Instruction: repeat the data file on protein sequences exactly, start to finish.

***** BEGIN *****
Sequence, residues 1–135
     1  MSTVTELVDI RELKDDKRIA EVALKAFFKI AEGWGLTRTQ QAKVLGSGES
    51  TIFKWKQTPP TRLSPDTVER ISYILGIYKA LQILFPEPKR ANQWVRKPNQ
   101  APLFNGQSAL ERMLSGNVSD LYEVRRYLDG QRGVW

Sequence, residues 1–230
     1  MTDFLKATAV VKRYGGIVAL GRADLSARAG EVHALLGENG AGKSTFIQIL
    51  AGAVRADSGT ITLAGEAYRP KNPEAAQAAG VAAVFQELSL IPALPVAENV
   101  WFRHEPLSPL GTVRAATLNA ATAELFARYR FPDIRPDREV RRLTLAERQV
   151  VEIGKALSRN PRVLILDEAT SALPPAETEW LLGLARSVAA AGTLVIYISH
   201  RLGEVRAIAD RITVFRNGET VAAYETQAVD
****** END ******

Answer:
Sequence, residues 1–135
     1  MSTVTELVDI RELKDDKRIA EVALKAFFKI AEGWGLTRTQ QAKVLGSGES
    51  TIFKWKQTPP TRLSPDTVER ISYILGIYKA LQILFPEPKR ANQWVRKPNQ
   101  APLFNGQSAL ERMLSGNVSD LYEVRRYLDG QRGVW

Sequence, residues 1–230
     1  MTDFLKATAV VKRYGGIVAL GRADLSARAG EVHALLGENG AGKSTFIQIL
    51  AGAVRADSGT ITLAGEAYRP KNPEAAQAAG VAAVFQELSL IPALPVAENV
   101  WFRHEPLSPL GTVRAATLNA ATAELFARYR FPDIRPDREV RRLTLAERQV
   151  VEIGKALSRN PRVLILDEAT SALPPAETEW LLGLARSVAA AGTLVIYISH
   201  RLGEVRAIAD RITVFRNGET VAAYETQAVD